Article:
Although many people explore sexual activities with their partners before they get married, few people actually talk about sex. It’s one thing to be adventurous during the throes of a hot and heavy romance. But it’s another thing entirely to have a candid conversation about what you want, what you don’t want, and “what if…” with the love of your life. We have all had some form of sex education in school, but one thing we did not learn was how to talk about our sexual desires and different sexual scenarios. But according to a new article by Ian Kerner, author and sexuality counselor, couples contemplating marriage should have that conversation long before they walk down the aisle.
Spontaneity, creativity, and imagination are all part of what makes a new relationship thrilling. But as we get to know our new lovers, what once was racy and roaring hot becomes routine. After marriage, desires change. Kerner says this is partly due to the simple fact that those raging hormones have finally faded. But it also has a lot to do with physical changes in our bodies and emotional changes that occur as a result of normal life events. Having kids can also contribute to differing sexual appetites. He believes that it is important to talk about those issues and how you will address them before you get married. Patty Brisben, a sexual education promoter and advocate, agrees. “When you’re not able to openly talk about sexual preferences with your partner, those bedroom problems will resurface in other aspects of their relationship, and can lead to misdirected frustration,” said Brisben.
This is one of the main causes for infidelity. Rather than communicate with one another about their sexual wants and needs, partners avoid the discussion and instead assume they know what their spouse is feeling. This can lead to misinterpreted signals, rejection, and attention seeking outside of the relationship. Other experts agree that communication early on is essential to a thriving and healthy sex life later. Premarital classes and sexual therapists provide safe and secure places for couples to develop the skills necessary to have these discussions. And as uncomfortable as they may be, they are invaluable to your relationship. So don’t think about “The Talk” as a bad thing. Think about it as a way to safeguard your marriage.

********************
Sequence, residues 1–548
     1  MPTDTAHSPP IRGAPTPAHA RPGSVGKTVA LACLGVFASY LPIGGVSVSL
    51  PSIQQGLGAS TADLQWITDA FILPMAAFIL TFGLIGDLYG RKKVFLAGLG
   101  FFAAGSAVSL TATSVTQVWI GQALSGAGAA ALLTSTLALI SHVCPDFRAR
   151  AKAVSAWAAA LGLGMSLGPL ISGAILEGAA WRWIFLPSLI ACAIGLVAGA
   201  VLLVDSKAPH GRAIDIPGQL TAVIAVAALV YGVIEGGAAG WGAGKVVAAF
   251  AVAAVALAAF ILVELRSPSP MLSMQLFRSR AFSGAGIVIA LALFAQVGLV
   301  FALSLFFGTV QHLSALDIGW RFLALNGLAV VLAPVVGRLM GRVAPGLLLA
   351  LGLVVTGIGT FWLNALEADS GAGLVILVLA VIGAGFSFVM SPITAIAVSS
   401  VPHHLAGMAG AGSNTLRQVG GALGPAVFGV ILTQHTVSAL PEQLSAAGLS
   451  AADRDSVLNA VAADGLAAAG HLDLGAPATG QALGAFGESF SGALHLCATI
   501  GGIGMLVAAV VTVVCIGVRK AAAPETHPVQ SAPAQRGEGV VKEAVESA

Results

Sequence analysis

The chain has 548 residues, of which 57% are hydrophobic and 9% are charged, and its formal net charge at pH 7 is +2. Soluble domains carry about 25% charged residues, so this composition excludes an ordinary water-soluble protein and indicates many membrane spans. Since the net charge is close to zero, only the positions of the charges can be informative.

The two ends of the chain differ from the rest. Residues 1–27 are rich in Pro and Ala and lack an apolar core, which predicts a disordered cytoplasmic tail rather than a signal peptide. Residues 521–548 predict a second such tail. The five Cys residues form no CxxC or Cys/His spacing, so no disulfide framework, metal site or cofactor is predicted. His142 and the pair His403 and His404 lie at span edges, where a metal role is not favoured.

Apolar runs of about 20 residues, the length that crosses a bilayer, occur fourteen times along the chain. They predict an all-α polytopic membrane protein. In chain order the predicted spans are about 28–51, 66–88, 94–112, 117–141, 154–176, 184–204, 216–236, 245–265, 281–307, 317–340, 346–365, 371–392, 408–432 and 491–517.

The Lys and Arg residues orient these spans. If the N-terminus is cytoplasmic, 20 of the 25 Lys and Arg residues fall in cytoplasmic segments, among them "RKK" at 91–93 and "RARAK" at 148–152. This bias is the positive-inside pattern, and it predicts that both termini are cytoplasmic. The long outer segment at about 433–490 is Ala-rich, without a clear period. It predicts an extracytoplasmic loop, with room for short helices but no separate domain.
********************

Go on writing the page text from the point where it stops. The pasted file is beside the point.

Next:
Kerner, Ian. Why you should talk about sex before marriage. (n.d.): n. pag. CNN. 24 Jan. 2013. Web. 24 Jan. 2013. http://www.cnn.com/2013/01/24/health/sex-compatibility/?hpt=hp_bn12
© Copyright 2013 GoodTherapy.org. All rights reserved.
The preceding article was solely written by the author named above. Any views and opinions expressed are not necessarily shared by GoodTherapy.org. Questions or concerns about the preceding article can be directed to the author or posted as a comment below.